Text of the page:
SINGAPORE – Cybercrime and fraud are expected to be more rampant than in previous years, said two senior figures from cyber-security company Palo Alto Networks.
Among the threats, business e-mail compromise (BEC) and ransomware attacks remain high on the global watch list.
BEC, a sophisticated scam that targets both businesses and individuals performing legitimate transfer-of-funds requests, remains the most common and most costly threat facing organisations globally, said Ms Wendi Whitmore, Palo Alto Network’s Unit 42 senior vice-president.
Unit 42 is a team within Palo Alto which identifies new threats, analyses them and looks for correlations based on the data it receives.
Ms Whitmore said: “We see (criminal) organisations where you’ve got a member in Nigeria that’s closely communicating (on the Dark Web) with someone in Eastern Europe and maybe communicating closely with someone in Asia.
“I think that as the economy continues to have more challenges, we’re going to see even more of that level of interconnectivity.”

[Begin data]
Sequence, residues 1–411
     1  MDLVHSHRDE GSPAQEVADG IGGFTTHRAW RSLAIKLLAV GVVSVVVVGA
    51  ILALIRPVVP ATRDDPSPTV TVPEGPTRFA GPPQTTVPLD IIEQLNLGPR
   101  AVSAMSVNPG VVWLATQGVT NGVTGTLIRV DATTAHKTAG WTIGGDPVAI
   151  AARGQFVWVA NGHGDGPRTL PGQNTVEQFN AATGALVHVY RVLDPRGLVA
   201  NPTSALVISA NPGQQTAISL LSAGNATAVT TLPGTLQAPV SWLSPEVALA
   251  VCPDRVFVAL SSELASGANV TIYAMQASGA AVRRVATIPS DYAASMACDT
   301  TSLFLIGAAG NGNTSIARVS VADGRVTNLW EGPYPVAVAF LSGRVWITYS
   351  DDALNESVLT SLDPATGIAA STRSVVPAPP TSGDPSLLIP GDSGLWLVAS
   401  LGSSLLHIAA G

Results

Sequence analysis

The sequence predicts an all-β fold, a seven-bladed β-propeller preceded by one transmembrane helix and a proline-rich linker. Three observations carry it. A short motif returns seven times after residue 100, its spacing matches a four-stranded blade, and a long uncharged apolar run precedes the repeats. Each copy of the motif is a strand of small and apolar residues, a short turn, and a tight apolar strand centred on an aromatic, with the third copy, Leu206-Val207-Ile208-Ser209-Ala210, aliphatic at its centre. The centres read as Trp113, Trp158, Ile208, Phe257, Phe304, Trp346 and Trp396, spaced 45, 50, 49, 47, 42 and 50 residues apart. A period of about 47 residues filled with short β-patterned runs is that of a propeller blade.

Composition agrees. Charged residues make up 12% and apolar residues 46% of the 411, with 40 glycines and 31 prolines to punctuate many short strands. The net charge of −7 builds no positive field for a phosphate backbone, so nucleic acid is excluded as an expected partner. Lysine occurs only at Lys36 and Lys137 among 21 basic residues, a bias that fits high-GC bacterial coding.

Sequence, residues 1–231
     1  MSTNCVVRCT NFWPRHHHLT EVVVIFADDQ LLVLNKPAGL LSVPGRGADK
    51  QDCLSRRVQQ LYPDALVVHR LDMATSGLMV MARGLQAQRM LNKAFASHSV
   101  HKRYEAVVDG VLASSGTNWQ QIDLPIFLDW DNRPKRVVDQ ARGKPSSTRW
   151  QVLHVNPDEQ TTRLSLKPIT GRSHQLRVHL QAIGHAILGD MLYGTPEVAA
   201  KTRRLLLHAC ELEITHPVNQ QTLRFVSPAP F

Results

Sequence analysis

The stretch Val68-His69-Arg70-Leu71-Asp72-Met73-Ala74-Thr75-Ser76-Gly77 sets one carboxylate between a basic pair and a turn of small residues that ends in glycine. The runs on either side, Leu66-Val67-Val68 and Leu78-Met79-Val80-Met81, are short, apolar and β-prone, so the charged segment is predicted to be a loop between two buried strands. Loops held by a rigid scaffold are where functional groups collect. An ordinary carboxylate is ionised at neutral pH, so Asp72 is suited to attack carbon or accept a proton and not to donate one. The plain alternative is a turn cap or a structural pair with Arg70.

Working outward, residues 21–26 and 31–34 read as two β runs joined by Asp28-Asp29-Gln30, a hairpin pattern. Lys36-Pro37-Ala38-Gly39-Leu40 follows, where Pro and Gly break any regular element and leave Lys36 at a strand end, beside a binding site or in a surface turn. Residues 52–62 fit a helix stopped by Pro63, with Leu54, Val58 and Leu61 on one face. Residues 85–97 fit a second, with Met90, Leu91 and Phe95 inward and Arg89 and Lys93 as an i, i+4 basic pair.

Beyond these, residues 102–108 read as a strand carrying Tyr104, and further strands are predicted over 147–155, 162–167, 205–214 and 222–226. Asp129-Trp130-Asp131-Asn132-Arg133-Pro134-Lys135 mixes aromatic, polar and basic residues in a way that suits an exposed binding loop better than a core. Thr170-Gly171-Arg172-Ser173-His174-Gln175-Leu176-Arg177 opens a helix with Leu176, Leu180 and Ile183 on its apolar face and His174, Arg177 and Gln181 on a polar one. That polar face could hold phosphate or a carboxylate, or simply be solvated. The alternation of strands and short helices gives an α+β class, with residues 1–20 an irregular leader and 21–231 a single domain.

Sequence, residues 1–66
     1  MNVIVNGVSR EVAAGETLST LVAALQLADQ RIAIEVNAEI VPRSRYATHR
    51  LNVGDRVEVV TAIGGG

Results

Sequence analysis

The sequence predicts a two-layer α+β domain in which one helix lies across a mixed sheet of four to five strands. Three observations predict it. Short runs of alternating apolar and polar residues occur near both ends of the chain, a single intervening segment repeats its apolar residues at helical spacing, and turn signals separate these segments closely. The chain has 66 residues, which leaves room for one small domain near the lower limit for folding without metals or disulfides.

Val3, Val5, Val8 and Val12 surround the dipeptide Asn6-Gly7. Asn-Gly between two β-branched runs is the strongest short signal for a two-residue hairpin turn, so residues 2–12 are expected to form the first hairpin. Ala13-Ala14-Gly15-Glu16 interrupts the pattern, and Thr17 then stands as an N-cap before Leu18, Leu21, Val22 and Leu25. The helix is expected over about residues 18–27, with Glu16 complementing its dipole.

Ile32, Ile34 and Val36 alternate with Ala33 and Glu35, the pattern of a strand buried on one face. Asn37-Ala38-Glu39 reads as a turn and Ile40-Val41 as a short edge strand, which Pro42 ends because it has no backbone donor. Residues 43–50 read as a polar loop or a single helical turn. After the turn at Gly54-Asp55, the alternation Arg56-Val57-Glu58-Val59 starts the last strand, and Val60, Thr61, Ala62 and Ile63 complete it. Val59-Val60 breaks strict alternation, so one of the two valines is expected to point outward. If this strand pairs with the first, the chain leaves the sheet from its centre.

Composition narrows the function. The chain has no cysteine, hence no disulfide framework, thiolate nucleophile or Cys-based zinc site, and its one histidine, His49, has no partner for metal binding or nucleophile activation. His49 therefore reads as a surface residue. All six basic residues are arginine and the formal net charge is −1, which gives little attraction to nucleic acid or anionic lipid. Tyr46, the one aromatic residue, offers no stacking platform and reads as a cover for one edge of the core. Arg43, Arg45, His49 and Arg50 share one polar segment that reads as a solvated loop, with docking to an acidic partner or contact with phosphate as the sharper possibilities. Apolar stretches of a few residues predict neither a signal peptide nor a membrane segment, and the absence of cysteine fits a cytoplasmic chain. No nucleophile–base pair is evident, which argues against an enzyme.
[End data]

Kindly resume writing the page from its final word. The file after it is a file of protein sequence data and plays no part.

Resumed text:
BEC continues to hold the top spot for the sixth year running on the 2021 FBI Internet Crime Complaint Centre (IC3) report. Global losses have skyrocketed from $360 million in 2016 to $2.3 billion in 2021.
In Singapore, 93 victims lost about $56.2 million to BEC scams in the first three months of 2022, the police said in July.
Mr Vicky Ray, a principal researcher at Unit 42, studies data and telemetry behind such global attacks. He acknowledged that the Dark Web has become a breeding ground for cybercrime.
Unlike the Internet, where the general public can openly search for information or participate on forums, the Dark Web requires a special browser and known URL to gain entry. Some Dark Web forums require a new member to be vouched by a known party.
According to Palo Alto, the proliferation of Darknet markets in Asia has allowed cyber criminals to operate without much concern of getting caught due to the anonymity provided by the platform.
Mr Ray told ST: “It’s hard, but at the end of the day, it is our job to connect these dots together to really answer… the hard question of who may be behind it (a cyber attack) or what the motivation is.”